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Roman/Lazian (don't know what one calls food from Lazio) in Rome

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I'm leaving in four days and don't have as much time to comb the many posts on Rome as I would like...I am interested in old-school Lazio/Roman chow. Offal, artichokes, etc. I've got Fred Plotkin at my side but would love to hear from anyone else who has recent experience. Thanks!

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  1. I favor Latian as the adjective of Lazio. You'll have no trouble finding artichokes, but the Quinto Quarto (what Romans call offal) is trickier. Checchino is the most reliable, and I've had good recent reports of Agustarello in Testaccio. I haven't been, but Da Oio a Casa mia in Testaccio has its following, also Felice, which is probably still to be considered old school despite the tarting up a couple of years ago. Nerone is pretty old school and reliable. The trouble with the quinto quarto stuff is that if the ingredients aren't perfect (speaking especially of pagliata), the dishes can be really nasty. And a really traditional Roman trattoria may well not warn a tourist that today it might be better to order something else because part of Roman tradition is not taking seriously a customer you think is just passing through. All the traditional restaurants offer only a small fraction of the Roman repertoire. Osteria San Cesario outside the city has a good menu, but isn't transcendental or anything. Checchino has a large menu too.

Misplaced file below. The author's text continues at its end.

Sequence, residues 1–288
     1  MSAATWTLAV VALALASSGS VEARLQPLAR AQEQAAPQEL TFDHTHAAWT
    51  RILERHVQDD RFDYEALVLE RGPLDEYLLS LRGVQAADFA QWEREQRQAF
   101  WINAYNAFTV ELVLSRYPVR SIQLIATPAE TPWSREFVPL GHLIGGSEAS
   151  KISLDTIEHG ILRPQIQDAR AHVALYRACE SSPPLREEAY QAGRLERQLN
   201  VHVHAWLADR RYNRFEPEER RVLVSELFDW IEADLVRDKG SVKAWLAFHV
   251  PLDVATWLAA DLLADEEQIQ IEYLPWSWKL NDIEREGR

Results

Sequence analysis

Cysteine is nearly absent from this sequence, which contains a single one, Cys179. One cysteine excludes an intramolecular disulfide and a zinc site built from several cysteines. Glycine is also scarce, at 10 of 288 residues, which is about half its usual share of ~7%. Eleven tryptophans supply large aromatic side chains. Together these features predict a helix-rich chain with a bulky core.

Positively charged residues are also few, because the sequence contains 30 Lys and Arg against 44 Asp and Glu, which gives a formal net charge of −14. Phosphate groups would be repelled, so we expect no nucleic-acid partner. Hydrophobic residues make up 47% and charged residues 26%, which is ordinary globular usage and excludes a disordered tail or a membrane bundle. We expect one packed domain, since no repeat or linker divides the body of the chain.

5 Replies
    1. re: mbfant

      Thanks to Maureen's recommendation, I had a memorable pajata at Nerone a few years ago. Well located if you happen to be touring the Colisseum.

      1. re: erica

        Checchino is terrific. Last weekend I had a wonderful spelt and artichoke soup and my friend had a brilliant rigatoni alla pajata. We both had delicious oxtail. Go there if you can! It is closed Sun dinner and monday. I want to like Nerone but I have always been disappointed. A shame since I live about 50 feet away...

        1. re: katieparla

          Red-faced, I have to amend my recommendation of Nerone. Although I had had good meals here in the past, including the one featuring the aforementioned pajata, my last meal (2 years ago) was disappointing.

          From my notes:

          The day before, we had phoned for lunch reservations at Da Nerone so we walked from the Capitoline Hill, stopping to visit the tomb of the Unknown Soldier at the Victor Emmanuelle "wedding cake" monument, past the Colisseum and up the steps and to the Via della Terme di Tito, where Hostaria da Nerone has occuped #96 since 1929.

          We were looking forward very much to sampling two dishes that we had enjoyed at two previous meals here a few years back. One of these was gnocchi, so we schduled our lunch for Thursday, the traditional gnocchi eating day in Rome. Da Nerone serves gnocchi two different ways, alla Romana and with a tomato and meat sauce, "al sugo."

          The other dish that I had enjoyed twice in one week here on a previous visit to Rome was the spaghetti with vongole, clams.

          These dishes would serve as our main course for this light lunch. Nerone features a long, two -tiered antipasti display from which I selected artichoke alla Romana for an appetizer.